A preferred epoxy resin composition is Tyfo® saturant epoxy, prepared by mixing 100 parts epoxy resin with 42 parts of hardener by volume, to produce a curable resin composition having a potlife of 2 to 4 hours at 68° F. (20° C.) and a viscosity in the range of 600-700 cps. This epoxy resin is preferably cured at ambient temperature for 24 hours followed by a post cure at 140° F. (60° C.) for 72 hours, and typically has a tensile strength of 8800 psi (61 MPa), tensile modulus of 406 Kpsi (2.8 GPa), and percent elongation of 8.0%, all as measured by ASTM D-838 Type 1; a flexural strength (ASTM D-780) of 17,900 psi (123.4 MPa) and flexural modulus (ASTM D-790) of 452 Kpsi (3.12 GPa). Tyfo® epoxy is available from FYFE Co. LLC, San Diego, Calif. Epoxy resin compositions with both lesser as well as greater cured physical properties are also suitable, and other useable epoxy resin compositions can easily be formulated by one skilled in the art. Epoxy resins may be formulated, for example, from conventional bisphenol A-based epoxy resins, from tetraglycidyltoluene diamine epoxy resins, from cyclohexene oxide-type epoxy resins, and the like. Reference may be had to the HANDBOOK OF Epoxy RESINS, Lee and Neville, McGraw-Hill, pub., ® 1967. Epoxy resin is preferably applied at a rate of about 0.2 to 2 lbs. epoxy per pound of reinforcement, preferably 0.4 to 1.5 lbs./lb, and most preferably about 0.7 to 0.9 lb/lb. Saturation may take place prior to layup onto the substrate, for example, by employing a TYFO® Saturator, available from FYFE Co. LLC.
Panel 34 consists of interior gypsum board 36, fiber reinforcing layer 37, and exterior gypsum board 38, while panel 35 consists of interior gypsum board 39, fiber reinforcing layer 40, and exterior gypsum board layer 41. Not shown for clarity is thermal insulation which is preferably present, positioned between the vertical studs.
The fiber reinforcing layer 40 of panel 35 is shown wrapped completely around sole plate 31 and top plate 32. Complete wrapping around the respective plates is not necessary, nor does the space between each stud 33 between sole plate 31 or top plate 32 require wrapping, so long as the desired degree of blast resistance is obtained. It would not depart from the spirit of the invention, for example, to incompletely wrap these structural elements, for example, wrapping between alternating pairs of studs or wrapping only partially between succeeding pairs of studs. In most cases, it is only necessary to continue the fibrous reinforcement and adhesive across all or a portion, i.e. preferably greater than 30% of the width of the sole and top plates.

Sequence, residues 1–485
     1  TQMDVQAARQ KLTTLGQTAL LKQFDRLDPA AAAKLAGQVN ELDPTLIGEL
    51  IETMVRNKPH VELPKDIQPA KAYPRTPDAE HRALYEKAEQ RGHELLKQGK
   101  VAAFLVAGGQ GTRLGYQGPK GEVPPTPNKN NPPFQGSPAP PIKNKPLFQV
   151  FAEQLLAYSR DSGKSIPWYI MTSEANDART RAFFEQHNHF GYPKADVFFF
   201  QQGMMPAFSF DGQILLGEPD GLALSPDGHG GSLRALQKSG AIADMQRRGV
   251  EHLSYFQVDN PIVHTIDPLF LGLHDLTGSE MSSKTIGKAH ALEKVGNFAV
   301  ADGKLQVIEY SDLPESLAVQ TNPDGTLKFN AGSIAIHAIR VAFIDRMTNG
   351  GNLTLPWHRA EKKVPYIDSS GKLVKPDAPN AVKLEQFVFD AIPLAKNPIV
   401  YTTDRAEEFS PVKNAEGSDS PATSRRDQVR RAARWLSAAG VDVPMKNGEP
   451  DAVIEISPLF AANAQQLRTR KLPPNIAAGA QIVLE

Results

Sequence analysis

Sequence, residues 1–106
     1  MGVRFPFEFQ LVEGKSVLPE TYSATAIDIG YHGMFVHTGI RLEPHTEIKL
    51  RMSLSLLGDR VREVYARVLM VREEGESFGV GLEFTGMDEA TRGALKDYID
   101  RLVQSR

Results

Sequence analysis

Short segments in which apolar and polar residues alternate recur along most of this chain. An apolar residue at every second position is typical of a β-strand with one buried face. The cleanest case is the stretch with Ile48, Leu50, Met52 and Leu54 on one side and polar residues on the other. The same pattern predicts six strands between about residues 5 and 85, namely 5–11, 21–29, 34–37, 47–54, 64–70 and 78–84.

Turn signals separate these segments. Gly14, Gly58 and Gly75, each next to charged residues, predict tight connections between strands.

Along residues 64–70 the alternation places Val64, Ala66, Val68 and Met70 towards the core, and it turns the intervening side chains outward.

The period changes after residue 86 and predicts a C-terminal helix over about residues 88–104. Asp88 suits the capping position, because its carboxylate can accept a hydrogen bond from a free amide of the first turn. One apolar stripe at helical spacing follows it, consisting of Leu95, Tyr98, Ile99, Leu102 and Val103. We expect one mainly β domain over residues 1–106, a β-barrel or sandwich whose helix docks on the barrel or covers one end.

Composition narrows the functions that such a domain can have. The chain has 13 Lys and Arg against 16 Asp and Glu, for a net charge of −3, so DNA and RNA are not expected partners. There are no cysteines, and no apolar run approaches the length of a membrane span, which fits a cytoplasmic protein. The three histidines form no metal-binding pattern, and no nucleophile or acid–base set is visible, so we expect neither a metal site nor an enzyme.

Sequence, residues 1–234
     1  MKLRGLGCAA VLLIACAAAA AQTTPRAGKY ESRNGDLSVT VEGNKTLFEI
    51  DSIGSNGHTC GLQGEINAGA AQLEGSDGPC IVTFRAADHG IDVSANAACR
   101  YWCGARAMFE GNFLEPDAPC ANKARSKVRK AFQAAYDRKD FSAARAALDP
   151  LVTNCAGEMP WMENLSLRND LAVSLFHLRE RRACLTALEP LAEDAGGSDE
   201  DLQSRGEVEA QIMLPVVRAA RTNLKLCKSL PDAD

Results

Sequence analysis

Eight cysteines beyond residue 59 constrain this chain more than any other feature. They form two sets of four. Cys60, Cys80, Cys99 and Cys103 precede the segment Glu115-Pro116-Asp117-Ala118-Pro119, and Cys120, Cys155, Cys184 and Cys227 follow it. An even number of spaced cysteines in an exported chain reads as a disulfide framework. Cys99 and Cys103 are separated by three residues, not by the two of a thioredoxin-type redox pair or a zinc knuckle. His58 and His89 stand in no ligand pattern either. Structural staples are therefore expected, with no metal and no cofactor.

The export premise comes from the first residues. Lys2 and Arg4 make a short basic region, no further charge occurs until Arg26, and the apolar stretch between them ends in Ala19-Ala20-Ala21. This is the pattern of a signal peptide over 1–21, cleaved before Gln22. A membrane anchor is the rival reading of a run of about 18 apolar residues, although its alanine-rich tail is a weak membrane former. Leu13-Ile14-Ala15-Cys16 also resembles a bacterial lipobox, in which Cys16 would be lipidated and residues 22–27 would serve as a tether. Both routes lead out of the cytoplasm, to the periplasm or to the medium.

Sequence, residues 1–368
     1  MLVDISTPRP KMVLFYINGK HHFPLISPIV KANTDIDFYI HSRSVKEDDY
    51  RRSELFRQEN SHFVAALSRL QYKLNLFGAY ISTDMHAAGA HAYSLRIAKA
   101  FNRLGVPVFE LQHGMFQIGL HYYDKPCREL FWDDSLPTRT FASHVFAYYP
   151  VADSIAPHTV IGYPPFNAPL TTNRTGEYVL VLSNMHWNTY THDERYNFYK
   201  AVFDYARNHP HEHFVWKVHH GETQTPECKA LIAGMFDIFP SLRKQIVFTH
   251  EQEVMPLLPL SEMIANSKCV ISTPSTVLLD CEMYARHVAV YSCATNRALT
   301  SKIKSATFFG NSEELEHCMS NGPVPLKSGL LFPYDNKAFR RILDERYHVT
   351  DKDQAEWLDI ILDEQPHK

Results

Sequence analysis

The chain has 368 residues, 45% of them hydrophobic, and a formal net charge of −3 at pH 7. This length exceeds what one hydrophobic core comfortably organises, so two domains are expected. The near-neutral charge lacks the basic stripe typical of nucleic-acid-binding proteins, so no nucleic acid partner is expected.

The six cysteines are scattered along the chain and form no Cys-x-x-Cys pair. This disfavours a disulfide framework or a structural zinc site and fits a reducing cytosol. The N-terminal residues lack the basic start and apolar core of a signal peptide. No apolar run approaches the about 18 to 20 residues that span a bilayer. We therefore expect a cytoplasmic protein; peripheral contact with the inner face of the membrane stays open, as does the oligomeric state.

Attachment of the prefabricated wall panels in a building structure may be accomplished by conventional methods utilized in the building industry, for example by employing a hollow frame structure on the exterior of the building into which prefabricated panels are mounted and fastened. In
The extension 64 may take numerous forms. One such form is shown in
Other configurations for energy absorption can easily be designed by one skilled in the art, and include numerous deformable structures, including slides such as shown in
Having generally described this invention, a further understanding can be obtained by reference to certain specific examples which are provided herein for purposes of illustration only and are not intended to be limiting unless otherwise specified. While the examples employ steel studs and plates, it is understood that studs and plates of other materials are also suitable.
A prefabricated wall panel is constructed conventionally, including a steel sole plate and steel top plate of 6 inch depth connected by 6 inch deep steel studs. The exterior consists of two layers of ⅝ inch type X gypsum board, as does the interior as well. Standard 6 inch fiberglass insulation is contained between the studs. The prefabricated wall is positioned between reinforced concrete “floor and ceiling” members 75, 76 of a blast chamber 77, and maintained in this position by non-deformable brackets 78 external to the chamber, as shown in
Blast resistant walls are prepared as described in
Two blast tests were constructed, in the first case with the fiber reinforced panel facing the interior of the chamber, while in the second case, the fiber reinforced panel faced the exterior of the chamber. Upon detonating the explosive charge, bending deformation of the wall panel could be observed in a direction away from the chamber. However, the panel substantially regains its original shape. No secondary projectiles are created.
While embodiments of the invention have been illustrated and described, it is not intended that these embodiments illustrate and describe all possible forms of the invention. Rather, the words used in the specification are words of description rather than limitation, and it is understood that various changes may be made without departing from the spirit and scope of the invention.